Ali-Akbar Salehi, Head of the Atomic Energy Organization of Iran said that Iran has activated a full chain of 164 IR-6 centrifuges in the Natanz nuclear facility. Salehi's remarks were made in an interview that aired on channel 1 (Iran) on April 10, 2021, one day before the Natanz facility suffered a major explosion. He said that this chain was originally planned to be activated in seven or eight years. Salehi described nuclear progress in the Fordow facility, and said that Iran now has an enrichment capacity of 16,500 SWU, while it only had a capacity of 13,000 SWU before the JCPOA was signed in 2013. He said that it has been announced that the hall, in which the centrifuges are assembled at the Natanz facility has been restored and is back in operation, after it was damaged and put out of use in a 2020 explosion.
Salehi went on to say that the current facility in Natanz is scheduled to move deep into the mountains of Natanz by the end of the year. He added that Iran has surpassed a "technological threshold" and can now design centrifuges on its own, without resorting to reverse engineering. Salehi said that Iran is capable of producing 190,000 SWU using IR-6 centrifuges within two or three years, but it does not want to do so, but rather it prefers to proceed at a pace of "natural growth."
To view the clip of Iranian nuclear chief Ali-Akbar Salehi on MEMRI TV, click here or below.
"We [Have] Activated A Full Chain Of IR-6 Centrifuges... Soon, Another Cascade Will Be Activated In Fordow"
Ali-Akbar Salehi: "Today, we activated a full chain of IR-6 centrifuges, and not a test chain. This full chain of IR-6 centrifuges was meant to be activated in 7-8 years.
"Obviously, according to the law passed by the Majles, we must produce and install 1,000 IR-6 centrifuges within a year. Today, we activated [in Natanz] a chain of 164 centrifuges. Soon, another cascade will be activated in Fordow. Two cascades are supposed to be activated in Fordow.
"Now We Have 16,500 SWU," More Than Before The JCPOA, "And This Capacity Is Constantly Growing"
"In the past three months, we have activated 1,000 IR-2M centrifuges. We have installed two IR-4 chains, these are full chains, not test chains. We now have enrichment capacity of 16,500 SWU. Our maximal enrichment capacity before the JCPOA - before 2013 - was 13,000 SWU. Now we have 16,500 SWU and this capacity is constantly growing. All of this is without using the IR-1 centrifuges that we pulled out as part of the JCPOA. If we added those, our capacity would have surpassed 25,000 SWU. However, we are taking slow and calculated steps forward.
"We [Have] Managed To Build A Hall Instead Of The One That Was Lost [In The July 2020 Explosion]; We Are Working 24/7 To Move All Our Sensitive Halls Into The Heart Of The Mountain Near Natanz"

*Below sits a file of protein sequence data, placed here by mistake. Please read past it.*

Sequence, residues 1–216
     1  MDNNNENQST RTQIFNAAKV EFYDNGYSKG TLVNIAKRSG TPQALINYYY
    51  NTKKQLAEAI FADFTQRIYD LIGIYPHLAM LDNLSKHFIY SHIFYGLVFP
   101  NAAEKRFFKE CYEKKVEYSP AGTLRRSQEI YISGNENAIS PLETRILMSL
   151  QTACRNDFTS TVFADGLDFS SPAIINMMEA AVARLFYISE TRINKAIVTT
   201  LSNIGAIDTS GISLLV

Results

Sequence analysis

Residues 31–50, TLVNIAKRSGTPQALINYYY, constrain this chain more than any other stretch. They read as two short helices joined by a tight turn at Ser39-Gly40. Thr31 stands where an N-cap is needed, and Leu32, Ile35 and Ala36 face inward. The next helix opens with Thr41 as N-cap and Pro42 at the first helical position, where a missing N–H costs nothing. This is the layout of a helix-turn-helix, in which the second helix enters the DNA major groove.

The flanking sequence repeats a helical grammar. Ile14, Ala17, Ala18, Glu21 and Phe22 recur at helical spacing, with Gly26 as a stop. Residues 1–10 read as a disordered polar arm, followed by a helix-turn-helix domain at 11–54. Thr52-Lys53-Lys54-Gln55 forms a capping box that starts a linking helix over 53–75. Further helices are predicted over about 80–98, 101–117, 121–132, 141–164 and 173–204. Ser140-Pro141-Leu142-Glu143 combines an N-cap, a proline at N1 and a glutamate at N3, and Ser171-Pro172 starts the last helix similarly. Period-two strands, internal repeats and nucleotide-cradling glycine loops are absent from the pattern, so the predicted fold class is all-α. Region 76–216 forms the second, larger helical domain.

"Unfortunately, about 10 months ago, the enemy blew up the hall, in which our centrifuges are assembled. But we did not stop. Today, it was announced that we had managed to build a hall instead of the one that was lost. This is temporary, of course. Currently, we are working 24/7 to move all our sensitive halls into the heart of the mountain near Natanz. We hope that these halls in the heart of the mountain will be ready by next year, so we can move these facilities to them. With regard to enrichment, I can tell you that Iran has reached the technological threshold, and we no longer have any problems. We are designing our own [centrifuges], and no longer in need of reverse engineering.
"If The Goal Is To Produce 1900,000 SWU Using IR-6 Centrifuges – We Can Do It In 2-3 Years, But We Don't Want To"
"The IR-9 centrifuge is about 5-meter long. It is a real monster. It has a large diameter and is very tall. It has 5 bellows. You cannot build a 5-meter rotor, because it could cause problems once it starts rotating. The rotors are divided to parts that connect to one another. The parts that connect the rotors are called the bellows. So this centrifuge has five bellows. So what are we doing? In order to test this centrifuge, our engineers do it at first with one sub-critical rotor. Then they install two rotors, one on top of the other, and so on. It takes 10 years to pass through all these phases and bring the IR-9 centrifuges to industrial production. Today we unveiled the sub-critical and one-bellow centrifuges. We already built the 5-bellow centrifuge and started it, but we must begin from the no-bellow phase and proceed in the natural technical stages.
"If the goal is to produce 1900,000 SWU using IR-6 centrifuges - we can do it in 2-3 years, but we don't want to. We want to proceed according to the natural growth, and this requires another discussion."